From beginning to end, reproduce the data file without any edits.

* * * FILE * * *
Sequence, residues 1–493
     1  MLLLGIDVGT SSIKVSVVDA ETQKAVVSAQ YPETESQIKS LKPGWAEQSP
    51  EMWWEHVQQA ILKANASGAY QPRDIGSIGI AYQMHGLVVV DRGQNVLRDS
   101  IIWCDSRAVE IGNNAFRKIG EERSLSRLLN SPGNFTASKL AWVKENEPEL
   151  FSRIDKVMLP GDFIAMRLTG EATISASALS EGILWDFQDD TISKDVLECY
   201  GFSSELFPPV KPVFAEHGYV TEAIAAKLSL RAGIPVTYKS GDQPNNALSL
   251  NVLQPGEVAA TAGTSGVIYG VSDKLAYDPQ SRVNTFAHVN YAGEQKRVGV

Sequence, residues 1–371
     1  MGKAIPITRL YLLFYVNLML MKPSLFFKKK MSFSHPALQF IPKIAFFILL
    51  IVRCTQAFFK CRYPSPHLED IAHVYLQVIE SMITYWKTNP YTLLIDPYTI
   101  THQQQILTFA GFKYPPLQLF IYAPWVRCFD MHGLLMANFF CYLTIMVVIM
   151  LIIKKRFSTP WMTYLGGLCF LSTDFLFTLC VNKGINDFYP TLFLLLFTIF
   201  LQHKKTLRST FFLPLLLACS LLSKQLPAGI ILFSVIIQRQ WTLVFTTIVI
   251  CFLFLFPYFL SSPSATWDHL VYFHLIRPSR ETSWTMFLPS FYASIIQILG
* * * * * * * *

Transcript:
Sequence, residues 1–493
     1  MLLLGIDVGT SSIKVSVVDA ETQKAVVSAQ YPETESQIKS LKPGWAEQSP
    51  EMWWEHVQQA ILKANASGAY QPRDIGSIGI AYQMHGLVVV DRGQNVLRDS
   101  IIWCDSRAVE IGNNAFRKIG EERSLSRLLN SPGNFTASKL AWVKENEPEL
   151  FSRIDKVMLP GDFIAMRLTG EATISASALS EGILWDFQDD TISKDVLECY
   201  GFSSELFPPV KPVFAEHGYV TEAIAAKLSL RAGIPVTYKS GDQPNNALSL
   251  NVLQPGEVAA TAGTSGVIYG VSDKLAYDPQ SRVNTFAHVN YAGEQKRVGV

Sequence, residues 1–371
     1  MGKAIPITRL YLLFYVNLML MKPSLFFKKK MSFSHPALQF IPKIAFFILL
    51  IVRCTQAFFK CRYPSPHLED IAHVYLQVIE SMITYWKTNP YTLLIDPYTI
   101  THQQQILTFA GFKYPPLQLF IYAPWVRCFD MHGLLMANFF CYLTIMVVIM
   151  LIIKKRFSTP WMTYLGGLCF LSTDFLFTLC VNKGINDFYP TLFLLLFTIF
   201  LQHKKTLRST FFLPLLLACS LLSKQLPAGI ILFSVIIQRQ WTLVFTTIVI
   251  CFLFLFPYFL SSPSATWDHL VYFHLIRPSR ETSWTMFLPS FYASIIQILG